Star Dad: Comedian and genuinely qualified space expert Dara Ó Briain helps us send a Tik Tok to Mars

The host of Mock the Week, Dara Ó Briain, is one of the best-known faces in comedy, but he also has a long-standing, deep-rooted love for space. A mathematical physics graduate from University College Dublin, he fronted Stargazing Live alongside Brian Cox until 2017. Now he has written his third children’s book – and his second on the topic. Is Anybody Out There? explores how life begins in the first place, how Earth was created, whether aliens might exist elsewhere in the solar system, the search for other planets like our own, and the possibility of ever meeting aliens. The book is actually for everyone from ages 8 to 80! Kids and grown-ups will enjoy it.


Dara Ó Briain regularly sets up his telescope to gaze at the night sky, searching for planets, comets and distant stars. “I’ve exhausted my family,” says the Irish comic. “Every time I try to show my daughter something on the computer, she says, ‘Please, not another blurry star photo’.”

To be honest, Dara, I was a bit anxious about interviewing you. Comedians usually outsmart most people…. 

In your latest book Is Anybody Out There? you explore how life begins in the first place and whether anyone is looking back at us from space.

DOB: It’s a book about alien life but it uses that as a base, as a jumping off point to talk about all sorts of things: How do you create a solar system or a planet? What are the chances to find life somewhere else? How many planets are there at the moment? In 1995 we discovered that there are planets outside of our solar systems: at the last count it was 4500 thousand other planets. On average there could be one planet or more for every star you see in the sky. Life is very unlikely but there are a lot of places where it could happen.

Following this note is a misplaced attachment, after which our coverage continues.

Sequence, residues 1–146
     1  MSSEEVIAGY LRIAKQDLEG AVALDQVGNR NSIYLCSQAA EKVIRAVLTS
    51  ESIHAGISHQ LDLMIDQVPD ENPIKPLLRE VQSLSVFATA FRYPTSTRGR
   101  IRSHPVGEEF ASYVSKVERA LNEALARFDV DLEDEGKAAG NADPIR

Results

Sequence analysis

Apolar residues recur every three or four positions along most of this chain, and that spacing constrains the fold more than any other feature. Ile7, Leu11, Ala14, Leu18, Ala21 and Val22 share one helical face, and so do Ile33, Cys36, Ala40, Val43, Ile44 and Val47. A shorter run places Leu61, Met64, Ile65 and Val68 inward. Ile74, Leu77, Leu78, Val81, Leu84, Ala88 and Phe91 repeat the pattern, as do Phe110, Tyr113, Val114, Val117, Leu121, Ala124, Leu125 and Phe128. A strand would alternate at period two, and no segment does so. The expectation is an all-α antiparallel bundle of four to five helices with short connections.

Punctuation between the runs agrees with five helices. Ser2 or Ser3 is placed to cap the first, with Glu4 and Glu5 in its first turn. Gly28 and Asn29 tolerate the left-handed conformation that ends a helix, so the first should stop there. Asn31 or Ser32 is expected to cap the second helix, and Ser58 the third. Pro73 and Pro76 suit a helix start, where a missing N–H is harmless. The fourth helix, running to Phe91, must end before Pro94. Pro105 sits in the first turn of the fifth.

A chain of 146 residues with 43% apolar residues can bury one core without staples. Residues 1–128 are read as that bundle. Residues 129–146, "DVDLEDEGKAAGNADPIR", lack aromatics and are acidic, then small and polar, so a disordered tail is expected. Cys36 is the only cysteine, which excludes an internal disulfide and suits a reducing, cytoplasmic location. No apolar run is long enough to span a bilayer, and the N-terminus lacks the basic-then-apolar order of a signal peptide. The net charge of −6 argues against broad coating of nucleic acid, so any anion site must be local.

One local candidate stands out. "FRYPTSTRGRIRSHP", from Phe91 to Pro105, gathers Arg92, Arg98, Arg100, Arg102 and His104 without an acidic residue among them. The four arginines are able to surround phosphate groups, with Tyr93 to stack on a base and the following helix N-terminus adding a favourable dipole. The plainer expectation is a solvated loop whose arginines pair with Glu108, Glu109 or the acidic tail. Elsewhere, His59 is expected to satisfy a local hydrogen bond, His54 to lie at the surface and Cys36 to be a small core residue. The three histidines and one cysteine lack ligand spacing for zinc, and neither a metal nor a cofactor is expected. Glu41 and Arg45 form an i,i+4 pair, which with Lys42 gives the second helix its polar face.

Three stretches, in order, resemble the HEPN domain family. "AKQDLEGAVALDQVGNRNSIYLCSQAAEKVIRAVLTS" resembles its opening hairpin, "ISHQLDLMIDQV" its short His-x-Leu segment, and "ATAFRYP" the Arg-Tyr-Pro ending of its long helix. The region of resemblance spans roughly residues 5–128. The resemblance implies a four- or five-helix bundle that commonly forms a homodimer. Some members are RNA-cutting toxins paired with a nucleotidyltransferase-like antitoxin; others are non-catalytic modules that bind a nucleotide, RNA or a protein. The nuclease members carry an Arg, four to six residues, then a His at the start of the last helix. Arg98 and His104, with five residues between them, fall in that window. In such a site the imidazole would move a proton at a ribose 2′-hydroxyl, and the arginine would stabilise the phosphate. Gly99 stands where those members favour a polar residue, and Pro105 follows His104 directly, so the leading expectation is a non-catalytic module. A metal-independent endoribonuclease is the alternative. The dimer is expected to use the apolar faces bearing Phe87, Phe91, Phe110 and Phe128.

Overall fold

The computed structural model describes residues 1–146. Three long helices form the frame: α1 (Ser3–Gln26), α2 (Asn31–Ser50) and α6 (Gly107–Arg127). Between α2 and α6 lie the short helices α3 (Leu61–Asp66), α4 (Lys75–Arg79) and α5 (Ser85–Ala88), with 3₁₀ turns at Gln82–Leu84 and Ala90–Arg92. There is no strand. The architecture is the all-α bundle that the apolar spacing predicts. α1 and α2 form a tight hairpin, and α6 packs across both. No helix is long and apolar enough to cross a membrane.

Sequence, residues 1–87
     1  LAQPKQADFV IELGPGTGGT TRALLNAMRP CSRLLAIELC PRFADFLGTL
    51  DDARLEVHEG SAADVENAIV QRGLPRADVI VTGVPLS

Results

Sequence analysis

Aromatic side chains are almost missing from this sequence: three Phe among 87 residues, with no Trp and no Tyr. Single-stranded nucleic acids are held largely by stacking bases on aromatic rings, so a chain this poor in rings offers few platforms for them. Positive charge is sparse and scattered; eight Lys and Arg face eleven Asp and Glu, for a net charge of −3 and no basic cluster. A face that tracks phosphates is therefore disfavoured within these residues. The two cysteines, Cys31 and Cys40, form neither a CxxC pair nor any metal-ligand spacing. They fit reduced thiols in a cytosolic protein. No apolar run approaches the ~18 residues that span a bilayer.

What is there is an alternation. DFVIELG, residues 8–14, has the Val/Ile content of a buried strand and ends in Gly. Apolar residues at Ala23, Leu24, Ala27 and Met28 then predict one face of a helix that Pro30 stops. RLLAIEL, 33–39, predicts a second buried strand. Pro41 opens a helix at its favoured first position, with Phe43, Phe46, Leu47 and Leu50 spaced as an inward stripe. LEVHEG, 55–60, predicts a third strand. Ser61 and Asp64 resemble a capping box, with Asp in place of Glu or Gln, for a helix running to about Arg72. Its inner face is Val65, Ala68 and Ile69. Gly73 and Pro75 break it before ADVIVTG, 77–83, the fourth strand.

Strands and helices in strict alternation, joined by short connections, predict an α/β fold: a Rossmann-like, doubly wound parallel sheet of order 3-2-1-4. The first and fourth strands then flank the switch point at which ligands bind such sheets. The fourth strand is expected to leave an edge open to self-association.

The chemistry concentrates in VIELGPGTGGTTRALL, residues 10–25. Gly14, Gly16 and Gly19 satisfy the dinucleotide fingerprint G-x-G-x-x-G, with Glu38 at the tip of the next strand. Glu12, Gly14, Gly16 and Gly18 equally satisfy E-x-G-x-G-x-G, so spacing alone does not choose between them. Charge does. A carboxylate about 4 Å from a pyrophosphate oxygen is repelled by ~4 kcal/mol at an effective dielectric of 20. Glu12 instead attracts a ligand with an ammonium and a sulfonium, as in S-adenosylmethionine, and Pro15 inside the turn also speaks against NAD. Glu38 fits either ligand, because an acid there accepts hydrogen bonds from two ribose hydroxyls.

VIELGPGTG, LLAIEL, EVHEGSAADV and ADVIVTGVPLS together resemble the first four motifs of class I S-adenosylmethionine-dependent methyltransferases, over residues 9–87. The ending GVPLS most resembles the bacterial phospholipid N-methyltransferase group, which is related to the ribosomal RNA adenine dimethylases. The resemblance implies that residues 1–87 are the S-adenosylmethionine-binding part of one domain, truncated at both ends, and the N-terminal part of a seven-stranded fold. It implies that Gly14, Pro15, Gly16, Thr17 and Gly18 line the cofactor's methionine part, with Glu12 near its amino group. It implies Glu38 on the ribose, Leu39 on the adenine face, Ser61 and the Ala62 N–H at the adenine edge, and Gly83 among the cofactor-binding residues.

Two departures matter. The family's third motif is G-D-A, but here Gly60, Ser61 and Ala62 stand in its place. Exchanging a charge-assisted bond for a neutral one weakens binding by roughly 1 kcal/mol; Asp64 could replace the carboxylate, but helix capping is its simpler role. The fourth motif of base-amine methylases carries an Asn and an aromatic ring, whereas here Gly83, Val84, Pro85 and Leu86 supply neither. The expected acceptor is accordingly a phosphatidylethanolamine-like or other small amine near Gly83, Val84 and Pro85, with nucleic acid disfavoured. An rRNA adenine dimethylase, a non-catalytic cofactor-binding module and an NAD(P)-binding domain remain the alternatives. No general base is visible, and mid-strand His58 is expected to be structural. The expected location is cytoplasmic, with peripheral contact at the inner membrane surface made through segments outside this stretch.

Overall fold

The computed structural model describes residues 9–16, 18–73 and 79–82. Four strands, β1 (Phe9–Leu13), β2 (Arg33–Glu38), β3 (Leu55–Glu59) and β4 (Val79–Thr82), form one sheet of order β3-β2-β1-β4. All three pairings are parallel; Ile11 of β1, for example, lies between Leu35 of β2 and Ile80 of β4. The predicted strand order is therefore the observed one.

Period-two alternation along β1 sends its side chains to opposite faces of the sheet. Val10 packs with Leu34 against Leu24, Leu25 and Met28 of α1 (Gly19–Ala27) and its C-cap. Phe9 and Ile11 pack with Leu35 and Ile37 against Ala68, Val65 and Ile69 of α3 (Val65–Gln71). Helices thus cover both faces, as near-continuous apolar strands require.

This book flows and is not like those big books about science.

You have clearly put lots of thoughts in this and you must have an idea of how these aliens and creatures look like …. 

DOB: We don’t know what environment they’ll grow up in. In our planet we have managed to create everything from sleuths, to parrot to gorilla. Can you imagine how varied it might be in a completely different environment? It could be warmer, a water-based world… or if it was very cloudy, they might send things by electric pulses or eco location. We struggle to communicate with dolphins or gorillas…

Life has been on this planet for 4 billion years but we have only been able to use radio for a 100. Chances of finding another civilisation at exactly the right period of time are pretty slim.


There’s a chapter called ‘How to send a greeting card to aliens’. How do we do it? I’d like to send one myself. 

DOB: The problem is that you might not get a response for a long time. If we find a good candidate to send out a message to space and we have done it in the past with pioneer probers, it would take 1000 years to get there and 1000 years to get a response.


Your passions for comedy and space clearly collide in this book and in general in your stand-up work. I recently watched the Crowd Tickler Liveshow where you do the hilarious helium gag. Tell me about that Eureka moment when you decided to combine comedy and physics….